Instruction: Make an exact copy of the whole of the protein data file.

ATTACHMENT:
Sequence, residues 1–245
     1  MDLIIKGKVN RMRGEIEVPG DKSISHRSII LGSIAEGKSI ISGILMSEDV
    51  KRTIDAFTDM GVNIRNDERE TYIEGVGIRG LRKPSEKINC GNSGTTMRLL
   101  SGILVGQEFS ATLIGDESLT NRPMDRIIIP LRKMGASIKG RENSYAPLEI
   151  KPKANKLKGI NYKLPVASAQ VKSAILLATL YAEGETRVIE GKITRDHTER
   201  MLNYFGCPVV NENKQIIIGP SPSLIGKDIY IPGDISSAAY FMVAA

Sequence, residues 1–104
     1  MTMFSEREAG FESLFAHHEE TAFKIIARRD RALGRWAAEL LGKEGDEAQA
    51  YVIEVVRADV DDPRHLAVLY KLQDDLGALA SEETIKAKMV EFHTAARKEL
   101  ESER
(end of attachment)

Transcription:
Sequence, residues 1–245
     1  MDLIIKGKVN RMRGEIEVPG DKSISHRSII LGSIAEGKSI ISGILMSEDV
    51  KRTIDAFTDM GVNIRNDERE TYIEGVGIRG LRKPSEKINC GNSGTTMRLL
   101  SGILVGQEFS ATLIGDESLT NRPMDRIIIP LRKMGASIKG RENSYAPLEI
   151  KPKANKLKGI NYKLPVASAQ VKSAILLATL YAEGETRVIE GKITRDHTER
   201  MLNYFGCPVV NENKQIIIGP SPSLIGKDIY IPGDISSAAY FMVAA

Sequence, residues 1–104
     1  MTMFSEREAG FESLFAHHEE TAFKIIARRD RALGRWAAEL LGKEGDEAQA
    51  YVIEVVRADV DDPRHLAVLY KLQDDLGALA SEETIKAKMV EFHTAARKEL
   101  ESER